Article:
Often engineering teams struggle with technical debt. They are busy with building features and fixing bugs, but that’s not going well due to a huge amount of technical debt. However, they hardly get any time to fix any of the debt.
In this article I’m going to share my experience on how to manage technical debt and get it fixed.
What is technical debt?
First of all, what is technical debt?
Technical debt is something that slows us down. Technical debt is a code that you are afraid to touch and if you do you produce multiple bugs. Technical debt is a messy code that does not let you ship features fast. Technical debt is an obsolete library version that doesn’t allow us to use the latest techniques.
Scalability issues though are not technical debt (more on that below).
Why do teams struggle to address technical debt?
In my experience, it happens simply because it nevers gets prioritised. And that’s usually due to the fact that software developers tend to speak of technical debt purely from a technical point of view. And a result, product managers, who drive prioritisation, don’t quite get the value of it - and that’s why work on fixing technical debt always ends up in the bottom of the backlog.
Technical debt has business impact
But technical debt does have business impact. Technical debt means that new features will take 2x, 3x, 10x times, as longer, if it were not for technical debt. Technical debt means you’ll dedicate a lot of time fixing bugs, instead of building new features.
Technical debt, like financial debt, means that you’ll spend your disposable income (dev time) paying off interest (fixing long outstanding technical debt) instead of spending it on fun things (new features that customers love).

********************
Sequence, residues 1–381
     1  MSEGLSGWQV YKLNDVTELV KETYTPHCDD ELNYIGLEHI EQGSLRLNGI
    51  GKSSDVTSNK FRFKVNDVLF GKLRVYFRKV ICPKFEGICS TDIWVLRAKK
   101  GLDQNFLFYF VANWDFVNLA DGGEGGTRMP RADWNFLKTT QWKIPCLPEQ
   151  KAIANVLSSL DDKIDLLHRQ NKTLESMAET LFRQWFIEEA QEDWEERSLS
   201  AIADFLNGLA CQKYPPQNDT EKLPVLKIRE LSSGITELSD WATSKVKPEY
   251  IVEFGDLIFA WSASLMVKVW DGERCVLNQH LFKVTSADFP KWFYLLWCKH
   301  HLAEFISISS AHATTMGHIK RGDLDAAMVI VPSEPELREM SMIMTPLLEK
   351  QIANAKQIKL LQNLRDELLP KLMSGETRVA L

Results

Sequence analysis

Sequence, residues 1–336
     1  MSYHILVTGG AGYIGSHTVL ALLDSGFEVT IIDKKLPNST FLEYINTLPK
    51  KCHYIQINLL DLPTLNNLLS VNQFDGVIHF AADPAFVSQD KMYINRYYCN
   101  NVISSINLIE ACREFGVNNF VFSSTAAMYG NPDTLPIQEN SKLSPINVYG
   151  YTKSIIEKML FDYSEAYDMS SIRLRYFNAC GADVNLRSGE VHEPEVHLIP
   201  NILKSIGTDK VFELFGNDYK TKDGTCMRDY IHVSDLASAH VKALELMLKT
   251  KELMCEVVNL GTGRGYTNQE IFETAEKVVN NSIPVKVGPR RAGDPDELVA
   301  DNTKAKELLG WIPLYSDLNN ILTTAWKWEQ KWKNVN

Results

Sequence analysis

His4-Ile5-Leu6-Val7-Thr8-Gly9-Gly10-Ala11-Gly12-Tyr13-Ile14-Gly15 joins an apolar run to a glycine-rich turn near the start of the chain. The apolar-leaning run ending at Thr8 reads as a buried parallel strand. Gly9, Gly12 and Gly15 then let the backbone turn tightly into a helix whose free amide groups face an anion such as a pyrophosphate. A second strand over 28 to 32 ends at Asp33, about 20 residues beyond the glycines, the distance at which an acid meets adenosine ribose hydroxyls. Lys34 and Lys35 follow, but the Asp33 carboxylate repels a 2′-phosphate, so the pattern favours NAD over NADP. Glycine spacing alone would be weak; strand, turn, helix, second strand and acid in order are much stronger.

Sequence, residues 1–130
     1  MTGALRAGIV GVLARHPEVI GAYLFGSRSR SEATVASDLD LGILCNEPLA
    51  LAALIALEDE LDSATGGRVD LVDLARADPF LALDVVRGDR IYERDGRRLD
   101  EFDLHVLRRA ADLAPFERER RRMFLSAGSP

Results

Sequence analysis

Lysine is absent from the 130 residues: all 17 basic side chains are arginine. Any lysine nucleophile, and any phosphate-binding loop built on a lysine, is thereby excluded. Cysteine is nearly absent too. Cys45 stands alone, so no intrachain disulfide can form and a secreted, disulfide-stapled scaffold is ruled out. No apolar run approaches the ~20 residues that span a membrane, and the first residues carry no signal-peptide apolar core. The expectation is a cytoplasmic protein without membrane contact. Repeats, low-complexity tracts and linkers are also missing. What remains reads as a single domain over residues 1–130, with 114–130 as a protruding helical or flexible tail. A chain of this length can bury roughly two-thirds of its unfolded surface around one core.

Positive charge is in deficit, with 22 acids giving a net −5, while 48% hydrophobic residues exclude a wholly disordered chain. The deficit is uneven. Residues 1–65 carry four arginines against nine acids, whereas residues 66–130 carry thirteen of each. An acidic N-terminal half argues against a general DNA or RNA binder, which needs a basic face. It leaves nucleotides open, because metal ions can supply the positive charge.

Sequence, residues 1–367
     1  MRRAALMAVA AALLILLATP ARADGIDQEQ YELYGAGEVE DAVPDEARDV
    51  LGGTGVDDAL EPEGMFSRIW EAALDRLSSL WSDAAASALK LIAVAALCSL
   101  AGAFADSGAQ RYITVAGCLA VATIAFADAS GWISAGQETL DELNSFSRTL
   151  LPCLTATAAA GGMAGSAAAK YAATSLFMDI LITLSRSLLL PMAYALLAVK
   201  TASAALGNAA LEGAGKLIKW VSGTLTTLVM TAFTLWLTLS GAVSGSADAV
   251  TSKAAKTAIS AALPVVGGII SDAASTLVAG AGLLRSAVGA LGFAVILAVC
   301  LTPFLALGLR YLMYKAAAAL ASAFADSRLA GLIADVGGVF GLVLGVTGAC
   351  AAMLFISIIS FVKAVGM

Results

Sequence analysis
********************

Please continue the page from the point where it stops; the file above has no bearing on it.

So when persuading product managers to prioritise technical debt, do talk about the business impact it’ll bring. And talk about the negative effect if you postpone it. Ultimately, it is all about reducing time-to-market (time to build new features) and improving product quality (fewer bugs).
How to prioritise technical debt?
And speaking of prioritisation, I have observed two strategies:
- Allocate a certain amount of time to technical debt. Say, a day a week
- Prioritise technical debt along with features and bug fixes
Personally, I’m not a fan of the first one. Allocating a certain amount of time seems too arbitrary. There are occasions when addressing technical debt takes more a day a week. Sometimes there are times that you have nothing to address. Plus, that may also seem as a blackbox to non-technical stakeholders. Unless they explicitly ask engineers they won’t know what technical debt is being addressed and how that benefits the product.
Prioritise technical debt along with features and bug fixes
Instead I prefer to prioritise technical debt along with features and bug fixes. No matter which software development methodology you use, chances are you have some sort of a backlog - a prioritised list of features and bug fixes. So just put technical debt tickets to that list and prioritise them accordingly.
This method has the following advantages:
- It forces you to think of technical debt as atomic pieces of work
- It is tied to the roadmap (more on that below)
- It gives visibility to non-technical stakeholders
I want to emphasise the second point - ‘it is tied to the roadmap’. If you see on the roadmap that three new features will touch an ugly part of the code, then you can accelerate development by prioritising refactoring ahead of the feature work.
Sometimes you can just inflate time estimates
In the previous example, there are three features which depend on fixing technical debt. And it makes sense to prioritise technical debt separately. Multiple developers will work on those features, you don’t want them to depend on each other. So refactor first and let them build those features after.